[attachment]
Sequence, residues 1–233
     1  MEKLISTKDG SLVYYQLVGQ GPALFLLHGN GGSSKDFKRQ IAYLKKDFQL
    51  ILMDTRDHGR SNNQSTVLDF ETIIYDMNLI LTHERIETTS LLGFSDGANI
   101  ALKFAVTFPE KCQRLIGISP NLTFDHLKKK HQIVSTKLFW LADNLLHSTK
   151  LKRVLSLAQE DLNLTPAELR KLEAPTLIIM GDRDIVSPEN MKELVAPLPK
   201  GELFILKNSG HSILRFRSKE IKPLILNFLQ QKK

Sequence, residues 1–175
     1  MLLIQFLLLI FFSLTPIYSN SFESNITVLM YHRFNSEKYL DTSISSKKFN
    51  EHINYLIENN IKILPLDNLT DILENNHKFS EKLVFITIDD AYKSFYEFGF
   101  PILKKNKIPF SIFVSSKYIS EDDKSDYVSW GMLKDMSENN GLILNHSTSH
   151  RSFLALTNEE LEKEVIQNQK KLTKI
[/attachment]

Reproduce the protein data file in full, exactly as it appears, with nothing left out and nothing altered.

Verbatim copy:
Sequence, residues 1–233
     1  MEKLISTKDG SLVYYQLVGQ GPALFLLHGN GGSSKDFKRQ IAYLKKDFQL
    51  ILMDTRDHGR SNNQSTVLDF ETIIYDMNLI LTHERIETTS LLGFSDGANI
   101  ALKFAVTFPE KCQRLIGISP NLTFDHLKKK HQIVSTKLFW LADNLLHSTK
   151  LKRVLSLAQE DLNLTPAELR KLEAPTLIIM GDRDIVSPEN MKELVAPLPK
   201  GELFILKNSG HSILRFRSKE IKPLILNFLQ QKK

Sequence, residues 1–175
     1  MLLIQFLLLI FFSLTPIYSN SFESNITVLM YHRFNSEKYL DTSISSKKFN
    51  EHINYLIENN IKILPLDNLT DILENNHKFS EKLVFITIDD AYKSFYEFGF
   101  PILKKNKIPF SIFVSSKYIS EDDKSDYVSW GMLKDMSENN GLILNHSTSH
   151  RSFLALTNEE LEKEVIQNQK KLTKI